And so while the one was once defined by The Avengers invasion of nameless Chitauri soldiers and the deathless internecine conflict of Civil War, and the other made its mark with the shocking character deaths at the Red Wedding and the grisly Battle of the Bastards, both have come to the brink of a long-expected conflict against big baddies bent on shaping the world to their will commanding magical powers and hordes of nameless footsoldiers. Both have prepared us to say farewell to important characters, draining the shock value by promising an end. Both conflicts are larger than life and, to some extent, silly. That’s not the right word, but consider that the MCU’s story of the struggle to save half the life in the universe involves battling a purple thicc-boi with a glove full of glowy pebbles and a team of people with stage names. Thrones traded in the intricacies of warring states, assassinations, and trials-by-combat for a battle literally between life and death as humans face off with a guy called the Night King who has never spoken a word and has an army of zombies – including a zombie dragon. Again, silly isn’t the right word, but both conflicts are theatrical and contrived to an extent while being deadly serious and inescapably grim.
Perhaps I’m exaggerating: Endgame might still feel more like a big dumb campy superhero movie than a gritty and somber tale of mortality, and Thrones might still deliver its spectacle in a familiarly visceral fashion that will cut a bloody swathe back into the less grandiose stakes of the final three episodes. There’s no mistaking which one is PG-13 and repeatedly names characters using Blank-Man portmanteaus.
But the similarities remain and, over the last decade, these two diametrically opposed pieces of monoculture have steadily bent towards one another until they have brought us to a place where we are prepared to watch violent conflicts of grand scale which guarantee to take away beloved characters forever.
What does this mean? I don’t know for certain, but there are many things it could mean, and these things are worth considering.
Both conflicts have become good guys versus bad guys featuring the ultimate team-ups. We can read this as a longing for unity, for people to set aside differences to face what really matters. Or this might suggest something about how, in “these divisive times,” we want to eliminate half the population Thanos-style before fixing the world the way we want to. We want to set aside petty squabbles to face existential threats, but do we actually view that threat as people with whom we disagree?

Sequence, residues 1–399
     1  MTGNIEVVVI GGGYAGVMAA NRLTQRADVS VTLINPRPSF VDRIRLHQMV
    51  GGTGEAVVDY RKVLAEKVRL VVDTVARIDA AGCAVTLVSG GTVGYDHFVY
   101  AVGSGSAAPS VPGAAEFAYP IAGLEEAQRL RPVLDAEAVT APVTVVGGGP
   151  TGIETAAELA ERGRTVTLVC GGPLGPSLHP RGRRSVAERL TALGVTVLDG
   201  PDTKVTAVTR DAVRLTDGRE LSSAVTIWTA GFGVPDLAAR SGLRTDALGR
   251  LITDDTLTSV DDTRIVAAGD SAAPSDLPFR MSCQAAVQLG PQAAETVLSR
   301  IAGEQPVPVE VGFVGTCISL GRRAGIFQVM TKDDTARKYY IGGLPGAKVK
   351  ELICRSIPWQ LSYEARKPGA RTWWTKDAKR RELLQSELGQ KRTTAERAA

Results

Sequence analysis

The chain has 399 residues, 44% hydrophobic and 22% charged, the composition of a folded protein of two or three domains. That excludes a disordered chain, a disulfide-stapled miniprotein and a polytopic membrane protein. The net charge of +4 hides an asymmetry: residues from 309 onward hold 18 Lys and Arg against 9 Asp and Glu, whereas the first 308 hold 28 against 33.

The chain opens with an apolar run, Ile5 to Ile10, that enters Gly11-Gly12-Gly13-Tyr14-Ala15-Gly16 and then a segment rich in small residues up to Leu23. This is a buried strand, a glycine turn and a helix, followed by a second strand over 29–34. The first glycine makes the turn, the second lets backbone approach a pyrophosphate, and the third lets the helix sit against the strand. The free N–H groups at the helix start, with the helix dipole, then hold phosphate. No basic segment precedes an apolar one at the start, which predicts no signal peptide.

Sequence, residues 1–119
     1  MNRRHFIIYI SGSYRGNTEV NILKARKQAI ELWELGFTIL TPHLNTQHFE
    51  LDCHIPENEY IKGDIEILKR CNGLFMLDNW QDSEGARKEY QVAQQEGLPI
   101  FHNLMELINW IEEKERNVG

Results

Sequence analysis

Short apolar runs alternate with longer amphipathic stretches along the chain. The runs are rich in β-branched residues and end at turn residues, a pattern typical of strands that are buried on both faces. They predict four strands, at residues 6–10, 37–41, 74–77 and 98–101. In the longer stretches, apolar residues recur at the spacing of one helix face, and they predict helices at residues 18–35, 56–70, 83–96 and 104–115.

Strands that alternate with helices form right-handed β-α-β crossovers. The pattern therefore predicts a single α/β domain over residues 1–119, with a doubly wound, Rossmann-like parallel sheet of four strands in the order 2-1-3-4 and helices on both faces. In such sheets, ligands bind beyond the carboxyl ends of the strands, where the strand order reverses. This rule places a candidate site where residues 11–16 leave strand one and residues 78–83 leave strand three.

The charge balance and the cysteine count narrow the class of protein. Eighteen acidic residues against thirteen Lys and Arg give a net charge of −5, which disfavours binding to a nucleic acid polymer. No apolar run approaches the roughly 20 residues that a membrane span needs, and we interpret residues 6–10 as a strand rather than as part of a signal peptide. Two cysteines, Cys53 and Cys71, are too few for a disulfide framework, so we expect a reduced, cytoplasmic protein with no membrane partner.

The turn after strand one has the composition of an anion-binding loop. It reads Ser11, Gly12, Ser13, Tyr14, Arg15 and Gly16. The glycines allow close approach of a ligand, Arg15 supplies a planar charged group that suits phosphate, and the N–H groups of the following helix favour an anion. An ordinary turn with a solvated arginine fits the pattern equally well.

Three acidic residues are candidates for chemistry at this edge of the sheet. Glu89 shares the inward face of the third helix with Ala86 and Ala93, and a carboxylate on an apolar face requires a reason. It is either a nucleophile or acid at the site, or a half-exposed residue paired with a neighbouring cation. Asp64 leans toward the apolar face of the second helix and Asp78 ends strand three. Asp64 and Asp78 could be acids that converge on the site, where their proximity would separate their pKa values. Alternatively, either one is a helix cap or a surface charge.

The threats, stakes, and solutions have simplified. Even if the details are confusing and convoluted, it’s as straightforward as “save the world.” Perhaps we’ve grown weary of nuanced discussions, complicated threats, underlying problems, and systemic issues while longing for the days when we allowed ourselves to think things were more black and white.
Maybe this all suggests that popular culture can only ever move towards the center. It seems inevitable, in hindsight, that the MCU would have to insist on being more serious. While Thrones became a phenomenon through subversion not fit for kids or passive viewing, it has moved closer to the form and content of more popular big-budget fare. It’s possible there is a moderation which entices all popular culture, even if this middle ground sometimes ends up pleasing very few people.
We clearly still have a bloodlust in our entertainment, as high body counts in popular films and television is commonplace. But it seems we prefer less blood and gore and for the violence to involve a lot of non-humans. Yeah, okay, last season’s Loot Train was pretty violent and yeah Scarlet Witch threw Proxima Midnight into a flying paper shredder, but I sense that this weekend will be less explicit. Next month we get the third John Wick film, and that popular franchise is a good example of our violent tastes. There is a lot of killing, and a fair amount of blood, but there is something artful and not cruel about it that lets it be aesthetic rather than upsetting.